So we commence with the age of Edmund Burke-the last quarter of the eighteenth century. Modern use of the word "conservatism" implies those principles of social thought and action that are set against radical innovation after the pattern of the French Revolution. Edmund Burke opposed his "moral imagination" to what has been called the "idyllic imagination" of Jean-Jacques Rousseau. From that contest arose what Walter Bagehot called "the conservatism of reflection." Almost by definition, ever since Burke published his Reflections on the Revolution in France, the principal conservatives in the Western world have been conscious or unconscious disciples of Burke.
Burke himself did not employ the word "conservative," speaking rather of "preservation"-as in his aphorism "Change is the means of our preservation," or his remark that the able statesman is one who combines with a disposition to preserve an ability to reform. During Burke's own lifetime there existed no sharp demarcation between the words "conservative" and "liberal."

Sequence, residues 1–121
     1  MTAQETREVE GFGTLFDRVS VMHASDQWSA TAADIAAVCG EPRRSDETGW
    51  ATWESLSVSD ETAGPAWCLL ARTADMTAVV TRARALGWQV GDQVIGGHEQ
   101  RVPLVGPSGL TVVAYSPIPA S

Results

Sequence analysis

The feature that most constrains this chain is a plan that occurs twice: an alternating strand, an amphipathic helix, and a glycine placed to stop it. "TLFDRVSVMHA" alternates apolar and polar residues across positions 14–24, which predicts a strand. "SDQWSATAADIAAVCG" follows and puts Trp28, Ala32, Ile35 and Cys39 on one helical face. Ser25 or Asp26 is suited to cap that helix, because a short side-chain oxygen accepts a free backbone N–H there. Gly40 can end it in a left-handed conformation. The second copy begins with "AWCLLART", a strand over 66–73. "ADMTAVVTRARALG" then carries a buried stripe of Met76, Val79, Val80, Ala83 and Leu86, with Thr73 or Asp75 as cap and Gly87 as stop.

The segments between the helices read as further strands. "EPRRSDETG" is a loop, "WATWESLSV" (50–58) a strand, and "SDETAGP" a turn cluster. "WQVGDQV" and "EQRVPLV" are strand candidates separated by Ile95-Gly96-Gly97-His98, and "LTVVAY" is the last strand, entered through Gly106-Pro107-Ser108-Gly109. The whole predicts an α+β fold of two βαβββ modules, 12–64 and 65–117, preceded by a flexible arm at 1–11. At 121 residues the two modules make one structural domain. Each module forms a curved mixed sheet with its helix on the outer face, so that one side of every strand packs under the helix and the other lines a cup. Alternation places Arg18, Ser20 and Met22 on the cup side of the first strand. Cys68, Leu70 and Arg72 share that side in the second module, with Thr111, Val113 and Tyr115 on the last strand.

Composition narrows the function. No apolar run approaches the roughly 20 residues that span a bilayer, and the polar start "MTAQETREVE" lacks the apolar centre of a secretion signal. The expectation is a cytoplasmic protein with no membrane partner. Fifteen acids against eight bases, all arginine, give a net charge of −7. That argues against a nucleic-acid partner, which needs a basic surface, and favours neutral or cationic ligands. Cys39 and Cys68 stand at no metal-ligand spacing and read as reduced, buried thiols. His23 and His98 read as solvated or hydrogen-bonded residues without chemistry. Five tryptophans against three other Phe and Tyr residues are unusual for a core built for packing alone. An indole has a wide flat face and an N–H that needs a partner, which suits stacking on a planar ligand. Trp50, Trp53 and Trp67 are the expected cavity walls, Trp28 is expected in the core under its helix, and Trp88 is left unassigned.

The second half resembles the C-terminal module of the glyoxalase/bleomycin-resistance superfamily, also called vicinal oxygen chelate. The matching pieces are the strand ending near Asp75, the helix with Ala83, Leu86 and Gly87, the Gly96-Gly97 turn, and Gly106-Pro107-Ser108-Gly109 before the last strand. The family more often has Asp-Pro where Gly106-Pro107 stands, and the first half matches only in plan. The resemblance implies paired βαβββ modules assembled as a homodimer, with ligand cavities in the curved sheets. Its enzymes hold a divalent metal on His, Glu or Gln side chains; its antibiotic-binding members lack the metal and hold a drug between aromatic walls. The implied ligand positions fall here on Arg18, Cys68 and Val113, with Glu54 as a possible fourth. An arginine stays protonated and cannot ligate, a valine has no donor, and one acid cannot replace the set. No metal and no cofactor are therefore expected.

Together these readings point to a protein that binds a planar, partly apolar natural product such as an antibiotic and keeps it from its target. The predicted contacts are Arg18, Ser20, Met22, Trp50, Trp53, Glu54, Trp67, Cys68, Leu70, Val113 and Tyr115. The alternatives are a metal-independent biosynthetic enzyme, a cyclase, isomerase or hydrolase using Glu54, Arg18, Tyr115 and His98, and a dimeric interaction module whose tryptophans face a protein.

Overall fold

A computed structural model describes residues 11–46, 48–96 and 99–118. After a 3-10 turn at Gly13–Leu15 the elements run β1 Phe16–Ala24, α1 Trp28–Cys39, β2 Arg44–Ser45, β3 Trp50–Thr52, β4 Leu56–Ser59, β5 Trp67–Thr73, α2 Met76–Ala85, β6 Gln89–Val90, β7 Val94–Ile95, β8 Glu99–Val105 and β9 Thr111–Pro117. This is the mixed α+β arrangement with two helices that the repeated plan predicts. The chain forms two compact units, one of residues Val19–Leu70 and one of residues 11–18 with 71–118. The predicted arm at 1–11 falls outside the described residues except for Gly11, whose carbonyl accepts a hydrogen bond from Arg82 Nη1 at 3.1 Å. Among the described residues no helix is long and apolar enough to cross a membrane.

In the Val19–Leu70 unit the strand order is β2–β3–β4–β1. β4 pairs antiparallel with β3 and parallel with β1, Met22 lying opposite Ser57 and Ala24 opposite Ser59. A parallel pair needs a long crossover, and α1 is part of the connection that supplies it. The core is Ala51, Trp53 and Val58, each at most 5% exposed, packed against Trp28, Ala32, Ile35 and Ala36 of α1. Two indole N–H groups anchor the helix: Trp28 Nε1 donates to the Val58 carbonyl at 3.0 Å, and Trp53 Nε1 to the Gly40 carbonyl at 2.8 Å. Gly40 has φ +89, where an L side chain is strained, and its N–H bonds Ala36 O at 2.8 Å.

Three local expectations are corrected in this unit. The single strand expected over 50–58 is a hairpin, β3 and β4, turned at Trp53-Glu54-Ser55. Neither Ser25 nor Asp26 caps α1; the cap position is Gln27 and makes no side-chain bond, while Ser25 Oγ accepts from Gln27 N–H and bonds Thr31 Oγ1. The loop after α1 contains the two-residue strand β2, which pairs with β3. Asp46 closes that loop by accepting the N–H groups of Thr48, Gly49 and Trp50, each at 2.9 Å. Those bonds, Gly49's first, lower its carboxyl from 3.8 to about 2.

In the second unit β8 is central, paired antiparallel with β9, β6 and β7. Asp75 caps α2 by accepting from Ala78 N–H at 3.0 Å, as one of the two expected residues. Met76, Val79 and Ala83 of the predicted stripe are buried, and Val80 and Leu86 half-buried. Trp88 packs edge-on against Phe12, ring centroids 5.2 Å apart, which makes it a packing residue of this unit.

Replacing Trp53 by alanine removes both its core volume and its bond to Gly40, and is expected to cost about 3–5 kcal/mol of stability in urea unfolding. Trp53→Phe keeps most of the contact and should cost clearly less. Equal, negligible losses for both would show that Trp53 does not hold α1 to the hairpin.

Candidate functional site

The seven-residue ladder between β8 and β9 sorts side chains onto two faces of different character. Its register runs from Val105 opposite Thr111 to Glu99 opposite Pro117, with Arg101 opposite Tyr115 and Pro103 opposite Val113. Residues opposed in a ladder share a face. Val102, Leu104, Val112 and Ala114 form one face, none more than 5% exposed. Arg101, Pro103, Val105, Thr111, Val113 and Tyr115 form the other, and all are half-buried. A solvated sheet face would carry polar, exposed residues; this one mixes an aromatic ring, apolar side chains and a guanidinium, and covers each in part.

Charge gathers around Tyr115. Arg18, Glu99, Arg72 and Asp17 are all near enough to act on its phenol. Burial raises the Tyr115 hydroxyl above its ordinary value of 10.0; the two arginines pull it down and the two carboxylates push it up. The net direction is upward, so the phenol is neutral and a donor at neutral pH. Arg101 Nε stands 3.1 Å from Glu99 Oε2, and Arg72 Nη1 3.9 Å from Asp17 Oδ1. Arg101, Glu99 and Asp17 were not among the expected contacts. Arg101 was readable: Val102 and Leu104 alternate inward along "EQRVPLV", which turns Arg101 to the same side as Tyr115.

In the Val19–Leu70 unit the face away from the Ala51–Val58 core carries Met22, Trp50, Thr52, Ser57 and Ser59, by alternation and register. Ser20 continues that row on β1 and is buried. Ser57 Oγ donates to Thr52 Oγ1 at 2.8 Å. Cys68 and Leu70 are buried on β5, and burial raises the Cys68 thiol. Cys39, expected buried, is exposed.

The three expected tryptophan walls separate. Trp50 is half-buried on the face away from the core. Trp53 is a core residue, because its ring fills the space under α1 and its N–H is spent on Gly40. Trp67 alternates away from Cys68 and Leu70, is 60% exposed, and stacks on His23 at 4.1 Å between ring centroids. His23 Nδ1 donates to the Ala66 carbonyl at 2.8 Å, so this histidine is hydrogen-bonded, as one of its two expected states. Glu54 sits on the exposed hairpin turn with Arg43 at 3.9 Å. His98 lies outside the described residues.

As a term of politics, the word "conservative" arose in France during and just after the Napoleonic era. Philosophical statesmen as varied in opinion and faction as Guizot, Bonald, Maistre, Chateaubriand, and Tocqueville all were influenced by Burke's writings. Seeking for a word to describe a policy of moderation, intended to reconcile the best in the old order with the necessities of the nineteenth century, French political writers hit upon the concept of the conservateur, the guardian of the heritage of civilization and of the principles of justice.
From France, this concept passed into England. The editors of The Quarterly Review, in 1830, approved "conservative" over "Tory" to describe the British party of order. By the 1840s, the word "conservative" had attained popularity in the United States, being employed with approbation by John C. Calhoun, Daniel Webster, and Orestes Brownson.